A whim to try out a new, intriguing sport has resulted in an Olympic call-up for New Zealand skeleton racer Rhys Thornbury.
The 28-year-old has been named to compete at the Winter Olympics in South Korea in February on the back of consistent international results, including an 11th placing at last year's world championships.
Thornbury, a weapons technician with the British Royal Air Force, remembers when he first tried out the high-speed downhill discipline in Austria six years ago.
"What drew me to the sport was not knowing anything about it. I'd played rugby and softball as a kid in New Zealand and this was so different to anything I'd ever tried and I thought it looked so cool," he said.
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"I love the feeling when you're on the start line before the race and all that adrenaline is going and you know you only have one chance to get it right."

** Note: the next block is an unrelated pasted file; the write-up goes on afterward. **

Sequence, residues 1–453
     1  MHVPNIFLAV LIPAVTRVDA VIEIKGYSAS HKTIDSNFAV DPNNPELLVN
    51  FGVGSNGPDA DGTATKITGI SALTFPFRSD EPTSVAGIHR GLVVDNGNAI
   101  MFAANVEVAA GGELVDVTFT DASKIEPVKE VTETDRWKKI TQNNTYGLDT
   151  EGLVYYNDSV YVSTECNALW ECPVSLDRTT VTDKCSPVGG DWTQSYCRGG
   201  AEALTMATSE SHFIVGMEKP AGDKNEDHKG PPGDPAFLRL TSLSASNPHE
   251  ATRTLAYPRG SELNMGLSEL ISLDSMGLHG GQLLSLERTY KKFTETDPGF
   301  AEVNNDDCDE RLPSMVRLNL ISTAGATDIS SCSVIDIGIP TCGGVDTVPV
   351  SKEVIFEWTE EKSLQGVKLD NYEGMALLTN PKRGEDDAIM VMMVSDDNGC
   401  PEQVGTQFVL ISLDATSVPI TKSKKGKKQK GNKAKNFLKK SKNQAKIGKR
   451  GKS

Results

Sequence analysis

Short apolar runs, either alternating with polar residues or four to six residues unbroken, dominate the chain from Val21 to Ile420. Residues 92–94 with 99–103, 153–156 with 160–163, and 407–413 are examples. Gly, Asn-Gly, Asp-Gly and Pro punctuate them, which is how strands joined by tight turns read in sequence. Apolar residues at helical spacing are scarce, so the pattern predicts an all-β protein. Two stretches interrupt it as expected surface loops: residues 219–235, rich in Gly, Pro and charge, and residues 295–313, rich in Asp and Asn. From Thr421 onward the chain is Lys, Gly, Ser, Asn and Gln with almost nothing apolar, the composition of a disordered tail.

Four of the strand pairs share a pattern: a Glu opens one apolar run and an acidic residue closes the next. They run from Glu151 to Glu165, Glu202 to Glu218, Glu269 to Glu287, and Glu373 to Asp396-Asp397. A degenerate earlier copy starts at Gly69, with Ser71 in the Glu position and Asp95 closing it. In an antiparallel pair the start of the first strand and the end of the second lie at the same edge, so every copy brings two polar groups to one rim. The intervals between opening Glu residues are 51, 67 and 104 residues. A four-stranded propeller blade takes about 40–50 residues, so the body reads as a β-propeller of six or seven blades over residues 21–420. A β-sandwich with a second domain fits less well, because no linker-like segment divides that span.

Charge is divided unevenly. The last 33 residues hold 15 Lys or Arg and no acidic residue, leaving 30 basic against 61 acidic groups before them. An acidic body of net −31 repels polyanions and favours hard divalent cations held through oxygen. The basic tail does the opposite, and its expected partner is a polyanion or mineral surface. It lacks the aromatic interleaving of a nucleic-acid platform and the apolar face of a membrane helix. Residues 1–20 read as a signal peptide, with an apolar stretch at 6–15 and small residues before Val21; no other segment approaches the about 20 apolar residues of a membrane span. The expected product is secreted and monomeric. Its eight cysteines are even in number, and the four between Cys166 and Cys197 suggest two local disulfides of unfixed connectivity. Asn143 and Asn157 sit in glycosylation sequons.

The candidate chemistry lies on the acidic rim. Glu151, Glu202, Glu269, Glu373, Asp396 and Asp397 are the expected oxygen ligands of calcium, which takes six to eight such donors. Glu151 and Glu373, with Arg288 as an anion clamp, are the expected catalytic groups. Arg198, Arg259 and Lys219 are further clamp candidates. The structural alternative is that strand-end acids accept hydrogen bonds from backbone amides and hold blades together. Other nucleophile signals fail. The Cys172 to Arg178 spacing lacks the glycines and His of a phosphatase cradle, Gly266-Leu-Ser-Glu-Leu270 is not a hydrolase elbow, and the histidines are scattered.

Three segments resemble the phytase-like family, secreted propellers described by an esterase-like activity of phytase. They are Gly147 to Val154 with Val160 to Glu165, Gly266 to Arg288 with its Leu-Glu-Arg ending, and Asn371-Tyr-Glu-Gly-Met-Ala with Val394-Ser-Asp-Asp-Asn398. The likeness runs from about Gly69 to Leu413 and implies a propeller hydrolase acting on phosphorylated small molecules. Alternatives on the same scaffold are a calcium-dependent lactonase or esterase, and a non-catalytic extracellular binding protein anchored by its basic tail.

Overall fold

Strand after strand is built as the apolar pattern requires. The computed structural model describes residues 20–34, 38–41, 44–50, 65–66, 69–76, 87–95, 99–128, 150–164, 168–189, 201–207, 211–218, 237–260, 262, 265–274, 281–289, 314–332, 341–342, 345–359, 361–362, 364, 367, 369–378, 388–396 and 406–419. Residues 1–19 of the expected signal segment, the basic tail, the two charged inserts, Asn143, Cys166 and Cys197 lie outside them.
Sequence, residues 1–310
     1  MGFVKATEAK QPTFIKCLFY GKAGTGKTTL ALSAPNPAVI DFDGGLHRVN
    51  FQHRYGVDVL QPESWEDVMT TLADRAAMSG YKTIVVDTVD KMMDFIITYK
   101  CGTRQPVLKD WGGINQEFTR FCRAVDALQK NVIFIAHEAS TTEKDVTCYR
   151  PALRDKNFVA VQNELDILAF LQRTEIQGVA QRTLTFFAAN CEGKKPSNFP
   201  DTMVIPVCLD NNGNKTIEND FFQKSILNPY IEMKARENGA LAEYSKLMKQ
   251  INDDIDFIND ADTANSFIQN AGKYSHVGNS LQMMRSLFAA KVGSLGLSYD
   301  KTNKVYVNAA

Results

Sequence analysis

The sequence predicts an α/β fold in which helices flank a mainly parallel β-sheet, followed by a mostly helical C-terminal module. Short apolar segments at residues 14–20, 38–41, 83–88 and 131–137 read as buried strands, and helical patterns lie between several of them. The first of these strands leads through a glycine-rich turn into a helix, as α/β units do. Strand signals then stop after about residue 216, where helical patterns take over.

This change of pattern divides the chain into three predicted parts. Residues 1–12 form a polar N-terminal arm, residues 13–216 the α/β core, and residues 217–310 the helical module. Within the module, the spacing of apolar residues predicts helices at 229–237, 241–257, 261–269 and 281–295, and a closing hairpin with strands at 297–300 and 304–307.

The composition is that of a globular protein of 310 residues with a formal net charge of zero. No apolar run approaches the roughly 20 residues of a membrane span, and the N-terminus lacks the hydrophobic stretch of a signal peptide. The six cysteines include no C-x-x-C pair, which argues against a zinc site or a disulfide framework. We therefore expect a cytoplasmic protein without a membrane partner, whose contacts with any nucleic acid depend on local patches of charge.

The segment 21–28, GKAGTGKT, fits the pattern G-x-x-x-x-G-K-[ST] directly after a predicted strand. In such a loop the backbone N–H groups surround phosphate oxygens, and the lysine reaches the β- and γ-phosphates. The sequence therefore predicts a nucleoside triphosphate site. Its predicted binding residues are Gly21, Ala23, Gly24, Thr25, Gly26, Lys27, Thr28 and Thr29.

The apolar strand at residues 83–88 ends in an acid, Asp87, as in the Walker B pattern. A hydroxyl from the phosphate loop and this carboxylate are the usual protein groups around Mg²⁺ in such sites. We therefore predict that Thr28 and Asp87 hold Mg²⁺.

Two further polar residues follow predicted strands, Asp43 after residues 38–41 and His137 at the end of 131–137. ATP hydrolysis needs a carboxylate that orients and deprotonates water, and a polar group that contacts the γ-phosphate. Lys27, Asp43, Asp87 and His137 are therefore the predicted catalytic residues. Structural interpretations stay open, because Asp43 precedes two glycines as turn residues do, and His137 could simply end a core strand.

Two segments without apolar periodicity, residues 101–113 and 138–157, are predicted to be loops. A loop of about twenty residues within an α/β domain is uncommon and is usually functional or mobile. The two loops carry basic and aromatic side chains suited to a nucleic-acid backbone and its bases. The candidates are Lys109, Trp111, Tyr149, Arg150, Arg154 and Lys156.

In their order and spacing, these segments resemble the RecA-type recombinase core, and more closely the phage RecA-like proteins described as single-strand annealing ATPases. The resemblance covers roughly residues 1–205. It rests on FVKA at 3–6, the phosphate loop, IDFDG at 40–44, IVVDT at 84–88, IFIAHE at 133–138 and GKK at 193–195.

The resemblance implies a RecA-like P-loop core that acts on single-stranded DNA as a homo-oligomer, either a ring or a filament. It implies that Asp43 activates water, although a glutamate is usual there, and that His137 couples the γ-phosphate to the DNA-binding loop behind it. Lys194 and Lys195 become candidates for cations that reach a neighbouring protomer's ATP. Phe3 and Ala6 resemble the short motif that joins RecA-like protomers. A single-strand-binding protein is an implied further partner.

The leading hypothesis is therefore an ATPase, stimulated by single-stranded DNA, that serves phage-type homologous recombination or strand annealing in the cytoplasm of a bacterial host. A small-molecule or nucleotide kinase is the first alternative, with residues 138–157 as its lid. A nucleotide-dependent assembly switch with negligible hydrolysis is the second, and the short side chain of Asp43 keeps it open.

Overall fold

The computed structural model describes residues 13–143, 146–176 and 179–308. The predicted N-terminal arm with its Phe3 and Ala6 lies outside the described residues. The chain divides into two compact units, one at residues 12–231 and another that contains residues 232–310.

Thornbury says the PyeongChang Olympic course will suit his preference for technical racing. While athletes get up to speeds of 145km/h at some international venues, it will be more like 120km/h next month.
He has capitalised on the RAF's elite athlete scheme which allows serving personnel to focus on sport at an elite level.
It has allowed Thornbury to train and compete full time for the last three years, having made his World Cup circuit debut in 2015.
"It's the reason why I'm here doing what I'm doing so I'm very grateful for that. It allows me to be the best I can be."
Thornbury will contest the final World Cup race of the season in Germany this weekend before completing his Olympic buildup with a training stint in Canada.